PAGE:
After the usual woeful movie reviews (they are improving though, they used to be written in this agonisingly “matey” way) we reach the conclusion of a Judge Anderson story. She is a judge in the psychic-powered PSI Division, and is investigating a series of murders which take place in “Hyven”, a thinly-disguised parody of an advanced “Second Life” or “Myspace” of the future. Turns out the people who run it have smuggled criminals in now and again for money, but one of the criminals is a powerful psychic who is able to jump into other people’s minds and kill them. At the same time the central computer which controls the program has become sentient, and Anderson has to persuade it to help her rather than allow the killing to go on. There then follows the letters page made up of people praising everything i hate about the current Meg. Fortunately the comments on this blog don’t work or they’ll discover it and send me lengthy tirades.

As the Meg no longer features reprints (a feature i expect to last precisely as long as Tank Girl does), and now that the reprint-only 2000AD Extreme has been cancelled, reprints are bagged in a seperate comic that comes with the meg. The second one of these being Snow/Tiger.

This is, essentially, Eugene Manx, except replace the former Wehrmacht officer fighting neo-nazis in 1950 with two secret agents, a Brit who wants to go carefully and a Yank who wants to shoot everybody, in 2002. The Nazis in question have a genetically engineered version of the Ebola virus (remember 2002 was the year of the Athrax scares) which doesn’t kill white people. It features some cool action scenes like one where a woman remains rather non-blinded despite the fact a gun goes off centimetres from her face…


There’s also your typical mano-a-mano “throw the guns aside and grapple” ever so heterosexual scene on the rocket launch gantry. But i’ll spare you that. The book also features a future shock and a short Dredd story reviving the “anti robot Klans” idea which was first done in 1977!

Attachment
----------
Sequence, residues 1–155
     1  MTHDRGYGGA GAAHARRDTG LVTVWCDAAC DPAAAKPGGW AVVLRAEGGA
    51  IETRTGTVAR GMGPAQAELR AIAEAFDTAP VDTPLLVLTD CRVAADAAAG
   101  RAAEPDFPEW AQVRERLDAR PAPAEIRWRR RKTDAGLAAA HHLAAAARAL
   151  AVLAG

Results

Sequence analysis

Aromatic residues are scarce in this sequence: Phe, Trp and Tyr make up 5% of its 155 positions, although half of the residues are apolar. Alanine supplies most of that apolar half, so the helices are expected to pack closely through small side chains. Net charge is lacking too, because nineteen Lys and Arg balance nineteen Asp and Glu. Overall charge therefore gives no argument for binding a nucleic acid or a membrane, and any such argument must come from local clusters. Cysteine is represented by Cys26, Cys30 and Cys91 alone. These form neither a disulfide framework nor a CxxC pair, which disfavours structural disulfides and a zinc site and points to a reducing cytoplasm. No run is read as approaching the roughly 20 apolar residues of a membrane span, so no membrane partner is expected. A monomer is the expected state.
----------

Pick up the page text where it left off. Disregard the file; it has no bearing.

Onto Commando now, these small-sized war themed comics are the sole surviors of the “Picture Libraries” which used to cram spinning racks in newsagents and where produced on all sorts of subjects, though war was the dominant theme, 8 Commando’s are produced a month in batches of 4, on (supposedly) the first and last tuesday of each month. Currently they are 50% reprint and 50% new.

The two new ones are “The Fighting Storks”, about a very versatile Italian plane which could take off and land in very short distances, handy in a time before widespread use of Helicopters. The artist on this story is one of my Commando favourites – Jose Maria Jorge, who specialises in flying stories, though occasionally does submarine ones too. His style does not actually suit the small Commando books very well, but comes alive in those large collected editions (in shops now!).

jm jorge - fighting storks

The other new issue is “Hollywood Hero”, about a film star going to war and ending up trapped in the jungle surrounded by the Japanese on all sides.

The first of the reprints is “Front Line Fixer”, about a German working for the REME. Would a German really have just been allowed to walk into the British Army during the war? well it still makes for a tense story… the artist is Gordon Livingstone, who has a unique and distinctive style. Personally i don’t actually like it all that much but others do. He has now retired from Commando but has drawn hundreds, so will remain in reprints for a long time to come.

Gordon Livingstone - FLF

And finally we have Outcast! with art by Dennis McLoughlin, another excellent one with a real skill for moody light and shadow. This story follows a member of the French Foreign Legion from Germany who has to leave and join the German army when war is declared, ending up on the eastern front.
D McLoughlin - Outcast

Well there you have a look at more recent British Comics. For the next few entries i have some interesting bits from the Union Jack in 1894, and some stuff from W. Howard Baker reprints of 1920’s/30’s Gem’s and Magnets… so it’ll be back to the past. I’ll have to have a scout around Lincoln again and attempt to find some more recent material, maybe from the 60’s to 80’s, the real “golden age” of British comics!